In April 2003, when a major cookware manufacturing facility closed in Manitowoc, Wisconsin, USA, a town of about 35,000 people south of Green Bay on Lake Michigan, most townsfolk thought that was the end of cookware production in their town and the jobs that went along with it.
The high cost of labor and of building technologically advanced manufacturing facilities has driven most cookware manufacturing out of the U.S. The majority of the cookware sold in the U.S. today is made outside the country.
But Tramontina, a Brazil-based cookware and cutlery manufacturer, arrived in Manitowoc to save the day, forming an alliance with a local aluminum manufacturing company, Koenig & Vits, Inc., which had bought the old Mirro plant when it closed.
On July 5, 2005, the factory was reopened and is now producing aluminum nonstick cookware with a variety of exterior finishes – porcelain enamel, commercial satin finish, and colored enamel – for both consumer and commercial food service cooking.
In the first year, the Tramontina Manitowoc facility is projected to produce over six million units of pots and pans, initially employing between 30 and 50 people, with the potential for doubling production in the future.
There are also plans for adding additional workers as production grows, and gradually the company increases its market share and distribution to major retailers in the U.S., Canada and Mexico, as output is maximized.
Production currently subcontracted by Tramontina in China and Europe will be gradually transferred to the Manitowoc factory, which will further increase manufacturing and employment opportunities in the United States.
The unusual white knight in this story, Tramontina USA, Inc., is the American subsidiary of Tramontina Group, a privately held Brazilian company headquartered in Rio Grande do Sul, the southernmost state of Brazil.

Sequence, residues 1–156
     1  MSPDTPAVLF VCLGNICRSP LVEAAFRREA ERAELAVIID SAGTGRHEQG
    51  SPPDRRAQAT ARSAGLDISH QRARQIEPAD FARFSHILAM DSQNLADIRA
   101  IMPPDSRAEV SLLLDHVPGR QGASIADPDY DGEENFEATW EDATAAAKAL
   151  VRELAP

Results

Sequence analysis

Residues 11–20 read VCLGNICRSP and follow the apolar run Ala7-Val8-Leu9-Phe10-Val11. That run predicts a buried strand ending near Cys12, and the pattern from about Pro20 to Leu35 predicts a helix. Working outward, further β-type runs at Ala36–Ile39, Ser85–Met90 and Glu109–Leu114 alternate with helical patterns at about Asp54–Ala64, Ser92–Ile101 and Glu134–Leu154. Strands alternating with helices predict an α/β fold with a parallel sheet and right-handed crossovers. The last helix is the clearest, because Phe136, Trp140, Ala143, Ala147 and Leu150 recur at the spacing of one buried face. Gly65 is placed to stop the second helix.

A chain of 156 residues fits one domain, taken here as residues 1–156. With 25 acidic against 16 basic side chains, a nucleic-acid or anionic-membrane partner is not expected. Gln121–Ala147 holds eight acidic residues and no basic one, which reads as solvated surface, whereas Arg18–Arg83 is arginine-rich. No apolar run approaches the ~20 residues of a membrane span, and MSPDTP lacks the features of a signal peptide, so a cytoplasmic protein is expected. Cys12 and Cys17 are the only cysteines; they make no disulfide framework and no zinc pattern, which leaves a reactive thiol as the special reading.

Founded by Italian immigrant Valentin Tramontina in 1911, Tramontina is today one of the world’s leading manufacturers of household goods, ranging from cookware and cutlery to flatware and kitchen utensils, with 10 factories and 12 distribution centers worldwide. Tramontina products are sold in more than 100 countries around the world.
“Just to give you an idea of the potential impact of this factory on the industry,” explains Antonio J. Galafassi, president of Tramontina USA, Inc., “the total wholesale sales of cookware in the U.S. are currently averaging between $1.8 and $2 billion a year.
“This Manitowoc facility at its peak in the past produced over $250 million in cookware every year. That is a very significant portion of the total market. We think this facility has enormous potential and are very proud to be contributing to manufacturing conducted in the U.S.”
Galafassi comments that an important advantage of the Manitowoc facility is the fact that the plant includes a rolling mill which can produce aluminum from ingots to coils, the raw material from which aluminum cookware is made.
“We are able to produce cookware here in the U.S. because of the cost savings we gained by revitalizing an existing facility, instead of building a new one from scratch, and the fact that raw material can be produced here and need not be transported to the site, which will also shorten lead times,” says Galafassi.
“In fact, I see in the near future the Manitowoc rolling mill exporting aluminum coils to our other Tramontina factories abroad for the production of cookware for their local and export markets. This is a ‘win- win’ scenario,” further states Galafassi.
Tramontina will apply the company’s historical know-how and cutting-edge technology in the making of cookware to the Manitowoc unit by using capabilities readily available in the Brazilian manufacturing units.
“However,” says Galafassi, “we are relying mainly on the highly skilled local workforce and the long tradition of cookware manufacturing in Manitowoc. I had the opportunity to meet personally with local employees and managers, and I was extremely impressed with their skills and enthusiasm for the venture.”
“The synergies between Tramontina USA and Koenig & Vits are obvious and remarkable,” said Timothy Martinez, CEO of Koenig & Vits, Inc.
“Tramontina brings a mature and sophisticated manufacturing, marketing and distribution organization to Koenig & Vits, a highly automated cookware production facility and rolling mill.”
Tramontina USA, Inc., founded in 1986, is one of the largest corporate affiliates of Tramontina Group from Brazil. The U.S. firm currently operates out of four facilities, totaling more than 1.4 million square feet of offices, assembly and processing warehouses, and distribution center in Sugar Land, Texas, just southwest of Houston.
Koenig & Vits, Inc., is located in Manitowoc, Wisconsin. Founded in 2003, the firm was formed by investors who purchased a cookware manufacturing facility from a Fortune 500 company that was abandoning American manufacturing capacity for overseas operations.
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